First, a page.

Support for a universal basic income is inching up in Europe

Change is welcome.
Change is welcome.
Image: Reuters/Dado Ruvic/Illustration
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No one knows if a universal basic income (UBI) will help answer the world’s economic problems. But a minimum payment to all citizens is being floated as a response to a digital economy rapidly reducing or transforming whole classes of jobs.

Finland and the Netherlands are running modest pilots, and others are being considered by governments in France, Switzerland, and the UK, and by a host of nonprofits

To gauge public enthusiasm for the idea, Dalia Research, a Berlin-based market research firm, has been surveying Europeans’ attitudes toward basic income since 2016. Dalia defined the UBI as an unconditional government payment to all citizens, regardless of their wealth or employment status, that covers basic needs and replaces other social-security payments.  

They’ve found a warm welcome. In a March survey, 68% of Europeans said they would vote yes in a basic-income referendum, up from 64% last year. The survey was put to 11,000 citizens in 28 European Union states and has a 1.1% margin of error.

But not everyone is ready to see it implemented right away—48% said they wanted to test the policy first, while 31% advocated for adopting it as soon as possible.

The 24% of respondents who opposed a UBI in both years were most concerned about the economic impact, including the expense, the risk of reducing the motivation to work, and the possibility foreigners would take exploit it. Those in favor of a UBI were most convinced by the promise of increased security and freedom, namely a reduced financial anxiety over meeting basic needs, more equality in opportunities, and the prospect of greater financial independence and self-reliance.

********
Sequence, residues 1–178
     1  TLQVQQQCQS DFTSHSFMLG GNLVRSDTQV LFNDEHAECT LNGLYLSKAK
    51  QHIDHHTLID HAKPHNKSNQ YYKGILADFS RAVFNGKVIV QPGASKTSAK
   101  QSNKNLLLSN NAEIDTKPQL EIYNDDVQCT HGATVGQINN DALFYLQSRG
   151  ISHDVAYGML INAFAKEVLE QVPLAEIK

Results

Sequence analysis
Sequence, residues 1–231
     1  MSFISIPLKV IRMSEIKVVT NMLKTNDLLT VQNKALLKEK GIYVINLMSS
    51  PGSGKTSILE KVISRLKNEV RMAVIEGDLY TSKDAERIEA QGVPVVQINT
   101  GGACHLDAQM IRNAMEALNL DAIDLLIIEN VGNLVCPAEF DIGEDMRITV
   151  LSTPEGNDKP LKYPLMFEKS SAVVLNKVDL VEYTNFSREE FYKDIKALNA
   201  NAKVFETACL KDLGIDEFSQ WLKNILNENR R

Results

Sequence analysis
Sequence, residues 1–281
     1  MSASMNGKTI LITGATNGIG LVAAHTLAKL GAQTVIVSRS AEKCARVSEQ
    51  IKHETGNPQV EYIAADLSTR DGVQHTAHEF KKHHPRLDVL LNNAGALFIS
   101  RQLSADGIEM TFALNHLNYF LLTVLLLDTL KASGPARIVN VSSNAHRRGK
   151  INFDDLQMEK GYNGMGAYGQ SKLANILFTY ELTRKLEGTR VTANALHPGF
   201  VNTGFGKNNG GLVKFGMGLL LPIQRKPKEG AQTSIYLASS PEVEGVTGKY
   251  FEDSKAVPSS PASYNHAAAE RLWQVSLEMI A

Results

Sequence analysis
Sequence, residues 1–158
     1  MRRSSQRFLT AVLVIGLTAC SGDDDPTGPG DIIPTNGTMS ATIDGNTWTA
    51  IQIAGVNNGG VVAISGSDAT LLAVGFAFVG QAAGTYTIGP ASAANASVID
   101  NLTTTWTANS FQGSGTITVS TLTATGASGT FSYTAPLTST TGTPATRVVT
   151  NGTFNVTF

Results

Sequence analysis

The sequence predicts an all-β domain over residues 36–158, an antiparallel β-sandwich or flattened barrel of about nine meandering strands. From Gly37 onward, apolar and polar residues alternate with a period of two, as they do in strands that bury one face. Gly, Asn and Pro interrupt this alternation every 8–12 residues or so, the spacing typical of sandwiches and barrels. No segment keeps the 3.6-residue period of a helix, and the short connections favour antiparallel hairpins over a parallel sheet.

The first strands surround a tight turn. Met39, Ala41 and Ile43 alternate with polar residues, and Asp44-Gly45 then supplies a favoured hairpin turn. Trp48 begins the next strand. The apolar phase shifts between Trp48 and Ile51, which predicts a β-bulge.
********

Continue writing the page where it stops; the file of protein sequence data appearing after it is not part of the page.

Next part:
The survey asked respondents what the most likely effect of a basic income would be on their work choices. This is the core unknown behind many basic income policies: will people just slack off? No one knows for sure but previous studies are promising. Trials during the 1970s in Canada and the US found people worked slightly less, but increased school attendance and family time, while hospitalizations, domestic violence, and mental health complaints all dropped.

The Dalia survey, similarly, found most people said they would not change their work choices, but would speed more time with family, volunteering, or training. Only 3% predicted they would stop working.

Surveys are one thing. Hard behavorial data is another. With a spate of new trials starting up around the world, we may have some less-theoretical answers soon enough.